University of Richmond students who have bought alcohol or tobacco with fake Virginia driver's licenses are about to have a harder time getting away with it.
For the first time in 10 years, the Virginia Department of Motor Vehicles is redesigning its driver's licenses, a move that will cost Virginia $6.5 million per year and will make the cards almost impossible to counterfeit.
The cards were first issued March 24, in Tappahannock, Va.'s, DMV location. One by one, each of the 74 DMV offices across Virginia will begin issuing the new licenses.
Virginians now trying to obtain driver's licenses at locations issuing the new cards will be given temporary IDs until their official cards arrive in the mail a few days later. The Richmond central DMV office will close May 5 and 6, and will reopen May 7 to issue the temporary licenses.
Virginia's current licenses will be valid until they expire, said DMV spokeswoman Melanie Stokes, who graduated from Richmond in 1992. Increasing security and preventing counterfeit cards are the main reasons for the redesign, she said.
The cards, which have more than 25 state-of-the-art security features, are made from a plastic called polycarbonate, and have a full-faced, black-and-white primary photo displayed on the left-hand side of the card.
The cards also feature full-faced, black-and-white secondary photos, which are displayed in a clear window in the bottom right-hand side of the card -- a security feature practiced only in the Netherlands and the Northwest Territories in Canada, Stokes said.
Cards for people age 21 and over are horizontal and have a laser-embedded image of the Virginia State Capitol. Cards for people under 21 are vertical and depict the dogwood, Virginia's state flower, and show the dates when the license holder turns 18 and 21.
The 2-D bar code on the back of each card carries only information displayed on the front of the card, including name, customer number and date of birth.
"I won't say they can't [be counterfeited]," Stokes said, "but it will be very difficult because the text is laser embedded."
Virginia license holders will get their IDs in the mail from a centralized location in Danville, Va. Manufacturing the cards in only one location is a change from the current means, in which all IDs are being obtained and manufactured over the counter in 74 different DMV outlets across Virginia.
Having the equipment all in one place is more efficient, Stokes said, and the centralized location also limits the number of people who will know how to make the cards.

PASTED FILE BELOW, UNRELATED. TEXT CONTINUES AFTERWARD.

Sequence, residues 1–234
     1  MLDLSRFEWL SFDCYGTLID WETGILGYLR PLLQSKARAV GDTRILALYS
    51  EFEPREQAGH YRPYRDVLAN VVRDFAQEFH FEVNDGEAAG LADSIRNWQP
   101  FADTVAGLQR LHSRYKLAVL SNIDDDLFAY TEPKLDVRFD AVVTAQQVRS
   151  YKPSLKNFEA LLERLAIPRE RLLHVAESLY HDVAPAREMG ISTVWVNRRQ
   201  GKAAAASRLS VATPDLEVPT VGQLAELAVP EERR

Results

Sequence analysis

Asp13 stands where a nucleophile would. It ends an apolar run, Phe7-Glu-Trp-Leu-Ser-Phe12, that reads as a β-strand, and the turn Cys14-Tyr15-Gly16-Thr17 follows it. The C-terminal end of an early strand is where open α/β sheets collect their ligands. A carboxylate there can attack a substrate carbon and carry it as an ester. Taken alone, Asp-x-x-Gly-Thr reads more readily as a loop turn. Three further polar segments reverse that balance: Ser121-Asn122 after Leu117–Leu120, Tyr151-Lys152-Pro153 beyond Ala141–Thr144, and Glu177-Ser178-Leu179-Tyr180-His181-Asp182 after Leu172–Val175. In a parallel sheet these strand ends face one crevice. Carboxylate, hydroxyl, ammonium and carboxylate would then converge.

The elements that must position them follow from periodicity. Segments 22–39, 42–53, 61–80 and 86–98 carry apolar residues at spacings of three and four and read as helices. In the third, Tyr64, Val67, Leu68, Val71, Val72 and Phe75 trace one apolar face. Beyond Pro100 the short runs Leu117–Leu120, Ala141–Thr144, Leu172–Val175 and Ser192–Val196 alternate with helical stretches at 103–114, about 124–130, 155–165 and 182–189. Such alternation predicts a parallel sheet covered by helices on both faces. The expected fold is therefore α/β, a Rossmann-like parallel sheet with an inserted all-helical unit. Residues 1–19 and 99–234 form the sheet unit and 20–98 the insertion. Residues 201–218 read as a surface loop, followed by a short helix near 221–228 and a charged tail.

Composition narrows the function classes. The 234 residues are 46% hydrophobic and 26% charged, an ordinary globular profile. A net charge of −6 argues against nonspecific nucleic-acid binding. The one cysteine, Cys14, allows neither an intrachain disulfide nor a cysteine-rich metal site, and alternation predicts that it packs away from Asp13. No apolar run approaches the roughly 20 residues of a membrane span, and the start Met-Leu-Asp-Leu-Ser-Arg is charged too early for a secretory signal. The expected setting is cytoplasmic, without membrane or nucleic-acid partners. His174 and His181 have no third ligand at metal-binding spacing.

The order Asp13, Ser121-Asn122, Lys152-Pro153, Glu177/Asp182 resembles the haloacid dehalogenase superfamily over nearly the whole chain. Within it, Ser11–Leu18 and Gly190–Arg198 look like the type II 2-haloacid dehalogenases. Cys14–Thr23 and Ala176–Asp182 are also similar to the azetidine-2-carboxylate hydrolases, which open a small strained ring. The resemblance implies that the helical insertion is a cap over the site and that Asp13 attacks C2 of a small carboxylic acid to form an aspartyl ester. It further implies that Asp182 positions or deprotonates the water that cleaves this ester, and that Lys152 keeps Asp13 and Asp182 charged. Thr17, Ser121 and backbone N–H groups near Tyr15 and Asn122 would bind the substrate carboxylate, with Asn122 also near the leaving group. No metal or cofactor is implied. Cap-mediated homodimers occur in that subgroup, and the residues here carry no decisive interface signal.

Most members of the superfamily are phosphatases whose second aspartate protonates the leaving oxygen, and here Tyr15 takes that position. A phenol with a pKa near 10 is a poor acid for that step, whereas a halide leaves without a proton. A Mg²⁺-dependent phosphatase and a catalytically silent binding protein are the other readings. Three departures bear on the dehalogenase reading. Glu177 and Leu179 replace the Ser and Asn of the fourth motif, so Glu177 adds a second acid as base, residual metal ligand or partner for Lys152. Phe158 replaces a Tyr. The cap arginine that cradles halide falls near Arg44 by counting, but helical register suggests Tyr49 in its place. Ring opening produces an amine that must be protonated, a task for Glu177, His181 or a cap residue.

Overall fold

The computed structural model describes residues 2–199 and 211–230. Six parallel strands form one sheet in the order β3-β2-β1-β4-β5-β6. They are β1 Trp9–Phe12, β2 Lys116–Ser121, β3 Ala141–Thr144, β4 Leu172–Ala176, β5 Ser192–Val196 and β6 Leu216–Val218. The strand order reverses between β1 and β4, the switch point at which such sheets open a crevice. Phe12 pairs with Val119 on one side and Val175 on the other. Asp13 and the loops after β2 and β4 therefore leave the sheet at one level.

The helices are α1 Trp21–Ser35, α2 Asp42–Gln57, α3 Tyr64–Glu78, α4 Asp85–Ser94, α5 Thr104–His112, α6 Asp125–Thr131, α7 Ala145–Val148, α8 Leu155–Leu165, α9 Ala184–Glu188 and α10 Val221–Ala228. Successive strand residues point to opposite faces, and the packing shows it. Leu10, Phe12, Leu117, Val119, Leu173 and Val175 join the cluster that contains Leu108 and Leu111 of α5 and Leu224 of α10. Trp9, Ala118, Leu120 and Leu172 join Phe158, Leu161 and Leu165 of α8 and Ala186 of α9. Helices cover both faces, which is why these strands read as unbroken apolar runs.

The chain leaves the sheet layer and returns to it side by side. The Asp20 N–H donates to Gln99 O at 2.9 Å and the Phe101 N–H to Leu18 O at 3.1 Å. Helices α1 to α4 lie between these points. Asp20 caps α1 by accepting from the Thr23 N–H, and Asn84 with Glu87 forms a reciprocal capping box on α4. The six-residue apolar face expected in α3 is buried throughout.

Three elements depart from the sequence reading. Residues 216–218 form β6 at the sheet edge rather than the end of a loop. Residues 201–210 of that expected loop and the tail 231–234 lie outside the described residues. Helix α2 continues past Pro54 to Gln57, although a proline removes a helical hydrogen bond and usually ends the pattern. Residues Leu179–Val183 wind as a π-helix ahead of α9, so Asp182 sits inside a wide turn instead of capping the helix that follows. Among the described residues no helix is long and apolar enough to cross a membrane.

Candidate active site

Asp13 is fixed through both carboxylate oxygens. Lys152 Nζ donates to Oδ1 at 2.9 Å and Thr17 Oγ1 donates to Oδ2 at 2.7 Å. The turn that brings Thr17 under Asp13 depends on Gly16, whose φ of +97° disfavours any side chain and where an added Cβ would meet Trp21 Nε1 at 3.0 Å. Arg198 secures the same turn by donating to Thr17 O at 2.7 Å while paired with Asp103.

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Seventeen percent, or about 500 students at Richmond, are from Virginia, said Patty Murphy, director of institutional effectiveness. This percentage gives Richmond more students from Virginia than any other state, she said.
"We certainly think the IDs are going to be beneficial in determining who is of age and who is not," said Philip Bogenberger, public relations specialist from the Virginia Department of Alcohol and Beverage Control.
If ABC customers were suspected to be carrying a fake ID, he said, sometimes the employee would confiscate it, but most of the time they would give it back and ask that person to leave the store. Employees were then supposed to call the local police and give a description of the person they suspected to be carrying a counterfeited driver's license.
Employees at individual ABC stores were not allowed to comment about how many fake IDs they had intercepted and did not keep records of confiscated IDs, Bogenberger said.
"Our store is good about checking IDs," he said. If customers came in with licenses from other states, he said, the employee could look up the card in a booklet to see whether it was fake.
Tea Thrower, head cashier at CVS in The Village, said students had often tried to buy alcohol with cracked or expired IDs, which rendered them invalid. One person tried to buy alcohol with an ID that was broken into three pieces, she said.
"I try to be nice about it," she said, "but if you tell people no, they're not always happy."
CVS requires that customers provide two forms of identification if they are from outside Virginia. Thrower said she was suspicious when customers could not provide a second ID, and if a group of people were standing together to buy alcohol from the store, she was required to check all their IDs.
Dave Berry, CVS's assistant manager, said he recently got a card from a Richmond student that wouldn't scan.
"So I asked her for her birthday," he said, "and she couldn't give it to me."
One Westhampton College sophomore said she got a falsely manufactured ID from outside Virginia at the beginning of the summer. She has not used it to buy alcohol from stores, she said, but has used it to attend clubs and bars downtown.
"Most of my friends have them," she said.
But other students under 21 said they did not have fake IDs, and that they did not know anyone who did. Two Westhampton College freshmen said they were in the process of getting falsely manufactured IDs from outside Virginia.